That is what happened here.

    From their Website:
    The umbrella organisation, the Federation of German Consumer Organisations (vzbv), represents the political, economic and social interests of consumers at the national level. Here you can find current information on consumer policy.

    http://www.verbraucherzentrale.de/en/index.php

    please excuse my rather bad english :p
     
  12. macrumors 604

    bushido

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    #12
    people still use a phone to make calls? :p
     
  13. macrumors 603

    Oletros

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    #13
    Totally Apple's fault, no other company has had any problem to adapt their computers in the two years that they have had to do it
     
  14. macrumors newbie

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    #14
    In Germany you'll have to if you're in a contract with the "Telekom" (T-Mobile).
    Bandwith limitation while mobile makes it impossible and also they go back in time and kill the good old flatrate contracts for home use, so using skype or sth. similar at home via WLAN won't be fun by being limited to 348/kbps (from DSL 50.000)

    Politicians and the Bundesnetzagentur argue against it and will prove if net neutrality is kept or not. (its rather not, because their own services are not limited)
     
  15. zin
    macrumors 6502

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    Instead of blindly defending Apple, the article states that this relates to how customer data, and which data, are used and by whom. The German court states that Apple cannot request global consent and must instead specifically inform customers of this information.

    Seems pretty fair, in my opinion.
     
  16. macrumors regular

    jdogg836

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    #16
    I've seen far more pokes and jabs at Germany in this thread than people calling out that what they did was great. That is how standing up for the consumer, your citizens, differs from standing up for the big corporations who already have enough money to stand up for themselves. Privacy policies are a joke in the US, and when you agree to them you give away some of your own rights and freedoms.
     
  17. macrumors 604

    bushido

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    #17
    i was actually being sarcastic because most people rather text for 10 hours straight then sorting everything out within 5 mins over the phone nowadays (im no exception)

    ----

    and where are all those people always complaining about google and the customer being their product? they dont care when its apple of course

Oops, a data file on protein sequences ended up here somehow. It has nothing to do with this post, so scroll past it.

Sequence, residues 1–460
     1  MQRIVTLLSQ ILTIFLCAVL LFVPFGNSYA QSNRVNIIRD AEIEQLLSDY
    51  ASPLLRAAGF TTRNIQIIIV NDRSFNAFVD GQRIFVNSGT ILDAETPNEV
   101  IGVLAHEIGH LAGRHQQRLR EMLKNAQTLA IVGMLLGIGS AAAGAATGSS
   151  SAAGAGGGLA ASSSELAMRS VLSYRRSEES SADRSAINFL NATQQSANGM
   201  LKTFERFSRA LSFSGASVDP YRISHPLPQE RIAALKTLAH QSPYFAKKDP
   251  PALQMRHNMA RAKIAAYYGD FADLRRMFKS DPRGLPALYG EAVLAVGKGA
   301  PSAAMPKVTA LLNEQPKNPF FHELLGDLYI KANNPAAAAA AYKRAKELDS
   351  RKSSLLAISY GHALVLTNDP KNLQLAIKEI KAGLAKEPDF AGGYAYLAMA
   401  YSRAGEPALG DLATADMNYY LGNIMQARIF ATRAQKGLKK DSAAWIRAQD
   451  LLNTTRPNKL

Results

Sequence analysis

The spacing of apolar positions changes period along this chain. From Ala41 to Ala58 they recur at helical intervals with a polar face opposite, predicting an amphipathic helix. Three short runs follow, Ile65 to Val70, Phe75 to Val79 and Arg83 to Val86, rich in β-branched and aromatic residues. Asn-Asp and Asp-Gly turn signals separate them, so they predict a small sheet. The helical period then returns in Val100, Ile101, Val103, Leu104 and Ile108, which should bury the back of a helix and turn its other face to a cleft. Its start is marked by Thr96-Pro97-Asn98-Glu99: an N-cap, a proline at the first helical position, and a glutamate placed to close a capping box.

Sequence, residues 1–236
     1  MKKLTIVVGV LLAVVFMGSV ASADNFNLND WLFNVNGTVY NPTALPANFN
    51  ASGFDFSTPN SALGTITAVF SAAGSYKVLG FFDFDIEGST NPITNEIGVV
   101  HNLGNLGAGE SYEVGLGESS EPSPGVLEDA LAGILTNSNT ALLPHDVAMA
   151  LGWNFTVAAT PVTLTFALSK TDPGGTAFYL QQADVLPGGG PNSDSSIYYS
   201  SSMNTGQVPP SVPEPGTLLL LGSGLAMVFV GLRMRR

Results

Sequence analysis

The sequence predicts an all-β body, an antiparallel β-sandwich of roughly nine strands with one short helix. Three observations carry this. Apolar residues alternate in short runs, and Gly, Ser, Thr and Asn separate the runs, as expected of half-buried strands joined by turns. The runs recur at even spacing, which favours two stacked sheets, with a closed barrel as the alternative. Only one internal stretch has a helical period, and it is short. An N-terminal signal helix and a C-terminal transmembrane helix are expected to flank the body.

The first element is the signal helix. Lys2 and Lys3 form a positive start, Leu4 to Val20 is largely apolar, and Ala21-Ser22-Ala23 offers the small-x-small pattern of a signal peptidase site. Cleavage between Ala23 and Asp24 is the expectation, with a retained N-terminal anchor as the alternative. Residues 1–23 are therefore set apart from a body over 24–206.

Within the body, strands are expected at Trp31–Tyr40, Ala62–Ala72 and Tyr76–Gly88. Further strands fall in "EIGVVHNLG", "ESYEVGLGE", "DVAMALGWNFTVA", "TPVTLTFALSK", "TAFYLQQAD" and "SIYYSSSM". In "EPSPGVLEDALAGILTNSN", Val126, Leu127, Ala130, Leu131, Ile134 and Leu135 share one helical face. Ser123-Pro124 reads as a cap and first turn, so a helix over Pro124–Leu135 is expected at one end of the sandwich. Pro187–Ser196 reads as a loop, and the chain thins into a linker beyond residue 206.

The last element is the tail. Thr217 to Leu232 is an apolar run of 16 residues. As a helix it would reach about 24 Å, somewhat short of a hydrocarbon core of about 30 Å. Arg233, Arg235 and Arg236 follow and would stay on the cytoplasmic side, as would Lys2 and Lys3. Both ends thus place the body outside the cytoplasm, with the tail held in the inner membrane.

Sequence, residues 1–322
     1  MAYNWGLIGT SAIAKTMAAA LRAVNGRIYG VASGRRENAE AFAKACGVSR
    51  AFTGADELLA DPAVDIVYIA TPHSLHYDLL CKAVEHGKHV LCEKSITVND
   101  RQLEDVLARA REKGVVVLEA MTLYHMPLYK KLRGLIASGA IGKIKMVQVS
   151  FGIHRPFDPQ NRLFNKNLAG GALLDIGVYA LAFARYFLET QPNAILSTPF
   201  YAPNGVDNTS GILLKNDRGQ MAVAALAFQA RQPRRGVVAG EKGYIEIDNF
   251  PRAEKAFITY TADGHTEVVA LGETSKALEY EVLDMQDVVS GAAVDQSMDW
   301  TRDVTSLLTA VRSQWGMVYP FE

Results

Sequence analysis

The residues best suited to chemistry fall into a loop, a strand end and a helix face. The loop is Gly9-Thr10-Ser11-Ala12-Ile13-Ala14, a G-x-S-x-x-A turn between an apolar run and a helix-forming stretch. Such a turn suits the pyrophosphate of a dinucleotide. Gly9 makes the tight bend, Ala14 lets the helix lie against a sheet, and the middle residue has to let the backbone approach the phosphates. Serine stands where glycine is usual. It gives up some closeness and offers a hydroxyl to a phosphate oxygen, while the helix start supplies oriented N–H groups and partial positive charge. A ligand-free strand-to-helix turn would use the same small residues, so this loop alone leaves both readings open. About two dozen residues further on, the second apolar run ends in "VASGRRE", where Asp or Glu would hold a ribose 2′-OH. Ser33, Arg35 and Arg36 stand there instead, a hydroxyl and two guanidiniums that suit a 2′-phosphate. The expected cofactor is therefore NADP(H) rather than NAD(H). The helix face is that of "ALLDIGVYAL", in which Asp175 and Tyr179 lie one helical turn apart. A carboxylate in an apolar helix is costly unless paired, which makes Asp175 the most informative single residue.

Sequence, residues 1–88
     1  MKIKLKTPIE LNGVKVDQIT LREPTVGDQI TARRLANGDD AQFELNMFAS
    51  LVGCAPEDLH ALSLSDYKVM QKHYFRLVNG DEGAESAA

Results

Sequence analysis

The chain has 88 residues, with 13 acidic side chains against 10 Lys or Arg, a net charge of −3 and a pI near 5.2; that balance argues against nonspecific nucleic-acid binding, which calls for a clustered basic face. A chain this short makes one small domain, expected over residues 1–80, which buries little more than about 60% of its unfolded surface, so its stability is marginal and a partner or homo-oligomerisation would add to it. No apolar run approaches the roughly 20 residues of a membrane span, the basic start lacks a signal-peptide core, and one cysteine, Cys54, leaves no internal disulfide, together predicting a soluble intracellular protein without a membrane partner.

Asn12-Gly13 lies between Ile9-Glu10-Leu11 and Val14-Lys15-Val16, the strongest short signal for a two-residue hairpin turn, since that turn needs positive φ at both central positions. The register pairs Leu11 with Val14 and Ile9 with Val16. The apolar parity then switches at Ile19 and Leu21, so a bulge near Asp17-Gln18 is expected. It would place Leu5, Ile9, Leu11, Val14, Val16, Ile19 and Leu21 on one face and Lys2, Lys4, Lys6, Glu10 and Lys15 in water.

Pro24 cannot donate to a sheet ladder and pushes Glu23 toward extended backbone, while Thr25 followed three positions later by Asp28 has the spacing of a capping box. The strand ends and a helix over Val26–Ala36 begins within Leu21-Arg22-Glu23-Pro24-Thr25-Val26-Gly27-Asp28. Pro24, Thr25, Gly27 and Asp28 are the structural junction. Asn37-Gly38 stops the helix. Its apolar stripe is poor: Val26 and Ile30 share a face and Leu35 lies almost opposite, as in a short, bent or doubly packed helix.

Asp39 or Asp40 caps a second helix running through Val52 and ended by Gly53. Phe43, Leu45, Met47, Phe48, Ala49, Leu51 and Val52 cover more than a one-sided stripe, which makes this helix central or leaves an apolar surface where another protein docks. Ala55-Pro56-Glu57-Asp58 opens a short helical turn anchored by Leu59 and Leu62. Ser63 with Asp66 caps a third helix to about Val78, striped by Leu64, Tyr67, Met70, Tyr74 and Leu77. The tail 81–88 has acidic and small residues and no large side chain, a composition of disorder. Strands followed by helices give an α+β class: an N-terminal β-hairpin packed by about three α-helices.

18. macrumors newbie

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    #18
    Actually they had to pay 145.000 € for copying info from unprotected WLAN's.

    http://www.tagesschau.de/inland/googledatenschutzstrafe100.html

    (translate it via >> Google XD)
     
  19. macrumors 68040

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  20. macrumors regular

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    Having worked with collection of consumer data world-wide before, Apple had to know this wasn't going to fly. Germany has fantastic consumer protection laws for privacy and companies work around those laws in their products in the industry. One of the big ones in Germany is the ability to remove customer data outside of the country and the inability to use PII (personal identifying information) like IP addresses or EIDs. It looks like Apple was just hoping no one would notice here and they bet wrong there. I wish the US would take consumer privacy seriously, but companies here would never allow it.
     
  21. macrumors newbie

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    #21
     
  22. macrumors 68030

    Amazing Iceman

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    #22
    So lately the Germans are trying to be in the news. I wonder if all these moves are sponsored by their Tourism Office; not the best promotion, but at least they are being noticed.

    ----------

     
  23. macrumors 6502

    somethingelsefl

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    #23
    Apple should have seen this coming. If there is one thing Germany (and the E.U.) are known for...it's privacy. :sarcasm:
     
  24. macrumors 68030

    Amazing Iceman

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    #24
    Unprotected? Anything Unprotected is considered public.

    It's comparable to a house with no doors and a sign that reads "Welcome".

    Or like leaving your wallet on a park bench on purpose.

    If you want privacy, start by protecting your WiFi; it's the obvious thing to do!
     
  25. macrumors 604

    bushido

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    #25
    jeeze so many ignorant people on here. lets focus on the topic shall we